Most victims of the Troubles were offered completely inadequate compensation for the murder of family members, with some receiving as little as £43 (€50) to bury their dead, according to a new report.

The research has been carried out by academics at Queen's University in Belfast.

It was based on a review of 1,000 compensation payments made between 1966 and 1976 - a period during which half the 3,600 victims of the Troubles were killed.

Almost £7m (€8.1m) was paid out in those years, but only loss of income or funeral expenses were covered, there was no payment for bereavement.

Report authors, Professor Luke Moffett and Dr Kevin Hearty, said the level of compensation payment often reinforced the anguish experienced by bereaved families.

"Many families were paid a pittance for the death of their loved ones," Prof Moffett said.

"One mother received £112 after the murder of her two adult sons, a widower whose wife and mother of six was shot dead outside their home was awarded £84 and a father received £43 for his daughter killed in a bomb."

The research found that women were routinely discriminated against and devalued. Relatives of murdered security force members were "discouraged" from claiming, or withdrew their claims.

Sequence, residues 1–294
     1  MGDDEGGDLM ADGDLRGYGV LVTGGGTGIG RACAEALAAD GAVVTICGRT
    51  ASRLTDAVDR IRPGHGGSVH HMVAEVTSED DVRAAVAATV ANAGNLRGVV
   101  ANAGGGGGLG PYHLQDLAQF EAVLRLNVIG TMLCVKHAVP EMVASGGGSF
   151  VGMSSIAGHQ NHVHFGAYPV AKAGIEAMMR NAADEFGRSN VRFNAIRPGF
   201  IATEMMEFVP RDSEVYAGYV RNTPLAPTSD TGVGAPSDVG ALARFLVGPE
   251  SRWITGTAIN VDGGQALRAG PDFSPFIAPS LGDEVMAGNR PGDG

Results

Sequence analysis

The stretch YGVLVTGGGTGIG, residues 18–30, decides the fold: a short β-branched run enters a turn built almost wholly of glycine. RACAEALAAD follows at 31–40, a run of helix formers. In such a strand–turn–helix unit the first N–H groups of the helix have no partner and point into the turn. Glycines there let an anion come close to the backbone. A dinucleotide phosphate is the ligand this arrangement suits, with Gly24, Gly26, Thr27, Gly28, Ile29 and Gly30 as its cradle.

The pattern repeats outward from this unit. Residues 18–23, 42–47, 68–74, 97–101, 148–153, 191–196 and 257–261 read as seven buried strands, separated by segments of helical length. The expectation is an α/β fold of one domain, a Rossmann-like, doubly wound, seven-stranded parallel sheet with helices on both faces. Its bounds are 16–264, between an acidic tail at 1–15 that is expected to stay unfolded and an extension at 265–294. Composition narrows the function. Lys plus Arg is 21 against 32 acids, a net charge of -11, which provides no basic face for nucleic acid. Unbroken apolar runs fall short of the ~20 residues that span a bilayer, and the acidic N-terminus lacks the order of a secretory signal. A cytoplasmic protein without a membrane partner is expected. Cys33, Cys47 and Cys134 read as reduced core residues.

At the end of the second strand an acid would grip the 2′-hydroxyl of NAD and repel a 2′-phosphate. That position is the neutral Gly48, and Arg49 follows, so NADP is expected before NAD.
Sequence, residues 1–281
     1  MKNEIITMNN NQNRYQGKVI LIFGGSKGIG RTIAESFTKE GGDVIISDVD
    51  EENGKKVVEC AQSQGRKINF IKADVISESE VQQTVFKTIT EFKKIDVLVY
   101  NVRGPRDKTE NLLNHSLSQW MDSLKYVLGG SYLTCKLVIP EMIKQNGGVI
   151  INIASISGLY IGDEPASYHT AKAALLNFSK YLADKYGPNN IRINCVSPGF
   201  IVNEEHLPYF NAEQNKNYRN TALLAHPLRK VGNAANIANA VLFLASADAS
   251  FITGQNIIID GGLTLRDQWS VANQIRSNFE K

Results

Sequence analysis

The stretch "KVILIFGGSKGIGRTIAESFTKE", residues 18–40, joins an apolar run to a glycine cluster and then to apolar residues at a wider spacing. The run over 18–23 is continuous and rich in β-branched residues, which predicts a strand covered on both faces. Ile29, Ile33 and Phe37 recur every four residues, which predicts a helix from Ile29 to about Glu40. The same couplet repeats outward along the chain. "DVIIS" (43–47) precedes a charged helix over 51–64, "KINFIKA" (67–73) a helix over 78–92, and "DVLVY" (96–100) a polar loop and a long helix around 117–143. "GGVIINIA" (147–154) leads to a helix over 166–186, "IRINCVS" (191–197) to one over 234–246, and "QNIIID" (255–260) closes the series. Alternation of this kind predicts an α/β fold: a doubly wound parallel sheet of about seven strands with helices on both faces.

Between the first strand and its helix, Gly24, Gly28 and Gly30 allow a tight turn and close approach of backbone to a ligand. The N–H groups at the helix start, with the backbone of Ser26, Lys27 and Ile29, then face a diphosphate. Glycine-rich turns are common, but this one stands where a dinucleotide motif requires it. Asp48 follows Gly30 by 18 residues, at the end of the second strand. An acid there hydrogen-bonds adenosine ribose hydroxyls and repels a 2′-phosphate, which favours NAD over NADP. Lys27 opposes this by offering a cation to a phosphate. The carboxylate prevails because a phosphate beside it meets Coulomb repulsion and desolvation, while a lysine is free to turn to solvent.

Compensation was used in several killings by the security forces to settle with victims and avoid cases being taken to the European Court of Human Rights.

The authors found that compensation paid out at the height of the Troubles was "unequal and inadequate". 60% of families got less than £5,000.

There were also large discrepancies in payments, even when several family members were killed in the same incident.

The report says that inadequate compensation schemes were replaced in later years by better ones, but they were not retrospective and did not apply to those who'd already received an award.

The academics say in recent years, civil actions by relatives have resulted in large compensation payments ranging from £75,000 to £625,000.

The UK government's controversial new Legacy Act will shut down similar litigation in the future.

The authors say consideration should be given to a new bereavement payment scheme for those who lost family members to the violence.